The current recommendation by the FDA and the manufacturers for follow up and detection of leakage is an MRI three years after the augmentation and every two years thereafter. MRI is a much more accurate diagnostic tool in detecting implant rupture and other abnormalities than mammograms (89% versus 65%).
Silicones are manufactured in variety of forms, including oils, gels and solids and have many medical uses. Since the consistency of silicone is closer to the female breast, the silicone gel filled implants tend to fill more natural, especially in thin women. If the silicone implant ruptures and the silicone gel leaks outside the pocket it cannot be absorbed. This may lead to nodules that are called granulomas, which are usually asymptomatic.
The manufacturers have now developed better gel filled implants with thicker shells as well as more cohesive silicone gels which have reduced the incidence of leakage and rupture significantly. Cohesive gels, to which some people refer to as the "gummy bear" implant, are less likely to lead to formation of granulomas or foreign body reactions if the implant shell ruptures since the gel remains cohesive within the pocket.
Numerous studies have been performed regarding the safety of the silicone gel filled implants. In most of these studies large groups of women that received silicone breast implants were compared to a control group that did not have breast augmentation. The short term and long-term studies confirmed repeatedly that there was no association between silicone breast implants and breast cancer. In regards to the connective tissue diseases, those studies also found no association between silicone breast implants and connective tissue diseases. Evidence suggests that such diseases are no more common in women with breast implants than women without them.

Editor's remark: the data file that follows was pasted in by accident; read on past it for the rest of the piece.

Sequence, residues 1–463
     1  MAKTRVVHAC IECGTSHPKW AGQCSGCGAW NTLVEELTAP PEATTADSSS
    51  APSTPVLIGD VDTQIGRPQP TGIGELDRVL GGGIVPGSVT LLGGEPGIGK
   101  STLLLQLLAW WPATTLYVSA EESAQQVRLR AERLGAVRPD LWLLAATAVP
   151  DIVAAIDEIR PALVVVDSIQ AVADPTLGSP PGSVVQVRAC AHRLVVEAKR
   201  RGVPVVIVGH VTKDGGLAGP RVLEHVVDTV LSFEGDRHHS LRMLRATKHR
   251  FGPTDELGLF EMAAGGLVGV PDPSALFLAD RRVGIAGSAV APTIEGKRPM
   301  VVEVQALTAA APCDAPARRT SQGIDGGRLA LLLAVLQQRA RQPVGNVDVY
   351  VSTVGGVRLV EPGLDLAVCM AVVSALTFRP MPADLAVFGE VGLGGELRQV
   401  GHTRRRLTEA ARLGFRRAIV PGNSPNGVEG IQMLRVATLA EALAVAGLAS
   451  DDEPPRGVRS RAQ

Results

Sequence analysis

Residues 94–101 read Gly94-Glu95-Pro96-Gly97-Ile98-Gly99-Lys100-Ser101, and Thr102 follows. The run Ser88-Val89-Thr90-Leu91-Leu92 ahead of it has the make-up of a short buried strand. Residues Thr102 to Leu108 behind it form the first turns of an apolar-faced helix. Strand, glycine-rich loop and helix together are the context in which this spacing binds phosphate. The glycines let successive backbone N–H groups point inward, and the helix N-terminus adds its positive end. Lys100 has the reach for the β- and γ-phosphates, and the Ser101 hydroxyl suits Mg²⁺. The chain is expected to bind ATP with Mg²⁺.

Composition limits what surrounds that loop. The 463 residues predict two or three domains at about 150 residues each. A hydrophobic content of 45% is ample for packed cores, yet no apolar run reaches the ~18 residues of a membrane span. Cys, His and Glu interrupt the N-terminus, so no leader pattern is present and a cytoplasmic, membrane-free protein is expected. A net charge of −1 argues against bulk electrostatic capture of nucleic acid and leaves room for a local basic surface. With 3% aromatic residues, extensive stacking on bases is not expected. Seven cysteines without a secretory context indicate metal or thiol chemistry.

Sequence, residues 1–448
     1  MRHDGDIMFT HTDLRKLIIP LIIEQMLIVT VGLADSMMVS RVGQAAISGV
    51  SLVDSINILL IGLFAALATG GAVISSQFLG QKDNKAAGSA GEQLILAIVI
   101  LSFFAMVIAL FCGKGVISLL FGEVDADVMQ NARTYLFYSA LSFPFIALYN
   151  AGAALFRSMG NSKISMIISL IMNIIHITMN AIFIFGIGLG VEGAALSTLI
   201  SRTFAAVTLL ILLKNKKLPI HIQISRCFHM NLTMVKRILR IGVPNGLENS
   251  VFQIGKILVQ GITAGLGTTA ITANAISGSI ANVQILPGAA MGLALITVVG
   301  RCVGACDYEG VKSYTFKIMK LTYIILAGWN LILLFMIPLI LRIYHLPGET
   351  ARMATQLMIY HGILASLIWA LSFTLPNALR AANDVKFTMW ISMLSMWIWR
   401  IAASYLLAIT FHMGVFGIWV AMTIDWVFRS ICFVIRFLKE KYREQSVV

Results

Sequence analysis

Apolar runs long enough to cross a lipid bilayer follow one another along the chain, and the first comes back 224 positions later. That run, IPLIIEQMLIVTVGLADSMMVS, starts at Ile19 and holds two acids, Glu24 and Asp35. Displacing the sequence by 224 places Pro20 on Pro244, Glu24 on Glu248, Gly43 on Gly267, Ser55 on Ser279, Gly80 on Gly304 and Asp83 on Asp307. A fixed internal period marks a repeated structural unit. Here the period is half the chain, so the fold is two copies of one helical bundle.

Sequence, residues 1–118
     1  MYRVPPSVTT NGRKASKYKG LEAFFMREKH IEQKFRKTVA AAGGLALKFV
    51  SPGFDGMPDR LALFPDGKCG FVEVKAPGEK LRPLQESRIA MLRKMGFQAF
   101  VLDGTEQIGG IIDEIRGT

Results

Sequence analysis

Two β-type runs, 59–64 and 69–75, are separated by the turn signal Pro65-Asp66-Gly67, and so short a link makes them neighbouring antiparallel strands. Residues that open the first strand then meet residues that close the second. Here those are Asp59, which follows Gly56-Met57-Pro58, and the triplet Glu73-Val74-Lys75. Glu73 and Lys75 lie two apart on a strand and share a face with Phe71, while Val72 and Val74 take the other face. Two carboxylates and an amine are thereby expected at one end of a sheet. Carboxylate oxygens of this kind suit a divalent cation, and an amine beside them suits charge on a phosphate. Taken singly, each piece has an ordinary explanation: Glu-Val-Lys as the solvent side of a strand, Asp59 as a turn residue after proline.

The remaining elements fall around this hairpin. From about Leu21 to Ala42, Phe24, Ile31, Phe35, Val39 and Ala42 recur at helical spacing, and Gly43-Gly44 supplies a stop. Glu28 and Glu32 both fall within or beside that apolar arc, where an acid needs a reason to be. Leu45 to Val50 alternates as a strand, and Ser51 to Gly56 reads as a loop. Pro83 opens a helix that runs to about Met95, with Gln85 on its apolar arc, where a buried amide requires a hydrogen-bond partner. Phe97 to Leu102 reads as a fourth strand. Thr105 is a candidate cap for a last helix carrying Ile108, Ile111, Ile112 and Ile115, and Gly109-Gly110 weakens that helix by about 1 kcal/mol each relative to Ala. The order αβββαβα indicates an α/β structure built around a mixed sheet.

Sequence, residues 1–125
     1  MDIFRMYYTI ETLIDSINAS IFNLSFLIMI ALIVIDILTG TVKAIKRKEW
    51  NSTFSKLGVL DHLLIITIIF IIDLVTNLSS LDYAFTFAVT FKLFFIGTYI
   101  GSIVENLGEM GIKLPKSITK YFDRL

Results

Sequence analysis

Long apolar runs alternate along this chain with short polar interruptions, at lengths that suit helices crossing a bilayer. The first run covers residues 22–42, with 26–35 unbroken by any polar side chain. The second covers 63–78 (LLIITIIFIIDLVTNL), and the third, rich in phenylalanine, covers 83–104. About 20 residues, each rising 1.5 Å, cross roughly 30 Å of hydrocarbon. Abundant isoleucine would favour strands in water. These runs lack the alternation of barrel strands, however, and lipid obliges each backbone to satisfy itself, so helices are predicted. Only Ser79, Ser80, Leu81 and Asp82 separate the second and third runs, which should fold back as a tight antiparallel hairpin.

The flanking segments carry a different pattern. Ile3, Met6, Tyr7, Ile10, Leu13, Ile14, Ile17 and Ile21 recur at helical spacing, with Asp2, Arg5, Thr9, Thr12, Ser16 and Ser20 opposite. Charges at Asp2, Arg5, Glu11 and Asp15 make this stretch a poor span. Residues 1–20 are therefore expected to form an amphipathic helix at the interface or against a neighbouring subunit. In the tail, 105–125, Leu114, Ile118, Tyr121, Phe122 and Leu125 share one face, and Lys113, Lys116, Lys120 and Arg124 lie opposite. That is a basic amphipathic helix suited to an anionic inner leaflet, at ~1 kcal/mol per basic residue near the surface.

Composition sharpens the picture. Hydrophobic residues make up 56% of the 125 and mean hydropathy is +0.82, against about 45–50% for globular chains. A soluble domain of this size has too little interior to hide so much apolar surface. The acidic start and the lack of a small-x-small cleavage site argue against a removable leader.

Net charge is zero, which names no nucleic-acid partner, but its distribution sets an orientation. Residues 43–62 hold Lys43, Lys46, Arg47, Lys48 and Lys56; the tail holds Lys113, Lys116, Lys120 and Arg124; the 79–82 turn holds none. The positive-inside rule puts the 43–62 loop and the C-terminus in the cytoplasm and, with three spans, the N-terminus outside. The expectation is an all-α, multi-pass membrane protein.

Now that the FDA has approved the use of silicone filled implants the women in the United States like the women in the rest of the world will be able to choose which type of implant they would like to have in consultation with their surgeon. For millions of women who have undergone breast augmentation, the procedure has resulted in an aesthetic appearance that has improved their self image and quality of life.
Choosing a Surgeon
When choosing a surgeon who is experienced with breast augmentation, you should know the answers to the following questions:
- How many breast augmentation procedures does he/she perform per year?
- What is the most common complication he/she encounters with breast augmentation?
- What is the rate of infection, capsular contracture and leakage with breast augmentation in their practice?
- What is his/her re-operation rate with breast augmentation and what is the most common type of re-operation he/she performs?
Familiarize yourself with the options in breast implant surgery and be prepared to discuss with your surgeon any questions you may have regarding implant shape and size, implant placement, incision site, surgical setting, anesthesia and post-operative care.
— Los Angeles Health News October 2005, Dr. Haiavy
Contact Rancho Cucamonga Cosmetic Surgeon Dr. Jacob Haiavy, MD for more information and schedule a consultation today.